- the type of procedure (i.e., whether or not it is an open tender);
- the identification number of the procurement administrative record;
- the prices of the tender documents;
- the place and time frame for consultation of the tender documents; and
- the email address of the procuring entity.
Regarding the public–private partnerships regime, Decree 118/17 states that the notice of invitation to tender must be published in the Official Gazette of Argentina for the term of three days. The last publication must take place within a minimum of 60 calendar days in advance of the date fixed for the presentation of the bids or for obtaining of tender documents, whichever is first. In addition, the notice of invitation to tender must be published on the website of the Subsecretariat of Public–Private Participation and on the website of the contracting authority.
Additionally, in the case of international bidding, the call must also be made through the publication of a notice on the United Nations website (UN Development Business), on the World Bank website and on the Inter-American Development Bank website; in any case, for a term of three days with a minimum of 60 calendar days in advance of the date fixed for the presentation of the bids or for obtaining of tender documents, whichever is first.
Additionally, depending on the nature of the project, the contracting authority may order the publication of the invitation to tender in mass circulation media in the country or abroad.iii Submitting and amending bids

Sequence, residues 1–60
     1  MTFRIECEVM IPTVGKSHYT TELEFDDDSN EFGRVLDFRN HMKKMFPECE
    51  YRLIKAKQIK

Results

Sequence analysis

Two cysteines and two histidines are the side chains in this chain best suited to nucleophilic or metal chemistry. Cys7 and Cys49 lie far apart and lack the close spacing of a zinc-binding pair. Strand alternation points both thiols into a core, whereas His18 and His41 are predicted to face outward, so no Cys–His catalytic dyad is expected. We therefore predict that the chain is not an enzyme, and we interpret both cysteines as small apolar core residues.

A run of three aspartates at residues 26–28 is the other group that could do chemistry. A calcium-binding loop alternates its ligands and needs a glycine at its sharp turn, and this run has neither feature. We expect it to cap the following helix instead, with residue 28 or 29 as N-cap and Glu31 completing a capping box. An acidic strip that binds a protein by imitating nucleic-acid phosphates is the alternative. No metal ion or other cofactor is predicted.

Prior to the submission of a bid, it is necessary to comply with the federal tax regulation in order to participate in a public procurement for contracting with the federal government. In this sense, Resolution 4164-E/2017 of the Federal Administration of Public Revenue states the procedure throughout the federal administration can verify that the bidders comply with tax regulation. Also it is necessary to register before the Suppliers System of Information (SIPRO). At the provincial and municipal levels, the prior registration of bidders in different local registries of suppliers is also mandatory.
According to the Regulation of the GRPP, bids must be submitted at the place and within the time frame specified in the tender documents. Therefore, the procuring entity must reject any bid that is submitted after such deadline. Bids can also be submitted by mail, according to the rules stated in the GRPP.